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The Manx has existed as a breed for a very long time. According to Dr. D.W. Kerruish, DVM (Manxland Cattery) in his book The Manx Cat (which was revised in 1965), the breed was known on the Isle of Man two to three hundred years ago. Manx have been recognized by CFA as a breed for many years. My collection of Stud Books goes back to No. 19 in which there are several Manx registered in the late 1920s and early '30s. Since many of them were registered at that time as "details unknown," it is not possible to determine how many of these cats might have had long hair. It is known that many Manx on the Isle of Man were long coated.

Dr. Kerruish is of the opinion that the Manx mutated from the British Shorthair. My personal opinion is that it is impossible to know for certain just when they mutated into a tailless cat. It is very likely that the mutation did occur on the Isle of Man but since many ships docked there, we may never know what was behind the first tailless cat. I am sure that the British Shorthair was involved! Many Isle of Man cats were imported to the US and as there were longhairs in the gene pool on the Isle of Man, it is probable that both coat lengths were behind many of the imports.

Dr. Kerruish did much research on the history of the Manx cat. In his book he states that the earliest reference to the Manx he could find is to cats owned by the famous painter Joseph Turner. He found this reference in the book, Turner's Golden Visions, by C. Lewis Hyde. In 1810, when the painter was 35, he claimed that he had seven cats that came from the Isle of Man.

Manx SpottyJeanie McPhee was kind enough to send me a copy of the article on Manx, written by Frances Simpson, which was published in 1902. This article is quite interesting since it states that at the turn of the century, Manx were shown in Europe with varying degrees of tails. It seems that "stubbies" could compete at that time for championship, and some of them were of top type. Ms. Simpson made remarks regarding the type she expected to see on the Manx when judging. The cats depicted in her article could well be Manx of today, and some of the Manx pictured in Dr. Kerruish's book could also compete with today's Manx. The type we see today in the Manx was apparently seen as far back as the 1800s. Therefore, it is possible that the Manx could be one of the least changed in type of any of the breeds recognized by CFA today.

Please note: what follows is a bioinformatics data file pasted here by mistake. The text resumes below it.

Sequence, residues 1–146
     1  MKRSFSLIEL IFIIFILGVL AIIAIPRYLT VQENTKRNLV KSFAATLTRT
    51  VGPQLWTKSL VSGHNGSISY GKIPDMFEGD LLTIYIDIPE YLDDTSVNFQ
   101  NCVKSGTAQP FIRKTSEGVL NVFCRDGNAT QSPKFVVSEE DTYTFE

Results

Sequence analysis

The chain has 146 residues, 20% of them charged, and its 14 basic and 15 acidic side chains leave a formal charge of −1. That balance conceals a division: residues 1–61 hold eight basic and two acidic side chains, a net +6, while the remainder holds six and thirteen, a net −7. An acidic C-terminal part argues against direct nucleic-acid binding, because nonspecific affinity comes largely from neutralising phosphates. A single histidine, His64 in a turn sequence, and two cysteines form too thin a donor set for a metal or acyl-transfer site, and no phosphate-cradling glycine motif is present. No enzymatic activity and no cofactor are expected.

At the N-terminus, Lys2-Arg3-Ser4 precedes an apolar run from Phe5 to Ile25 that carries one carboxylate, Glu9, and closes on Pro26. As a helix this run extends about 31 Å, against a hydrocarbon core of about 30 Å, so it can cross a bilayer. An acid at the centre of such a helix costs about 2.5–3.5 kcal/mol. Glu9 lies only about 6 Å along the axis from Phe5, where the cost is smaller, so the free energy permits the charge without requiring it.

Both Ms. Simpson and Dr. Kerruish mention in their writings the stump-tailed cats found in Borneo, Japan, and Malaya which are the cats we know today as Japanese Bobtails. It appears that this breed has also been around a long time! Dr. T. Tansanguan of the Faculty of Veterinary Science, Bangkok, Thailand, confirms that the Japanese Bobtail is a separate strain of cat.

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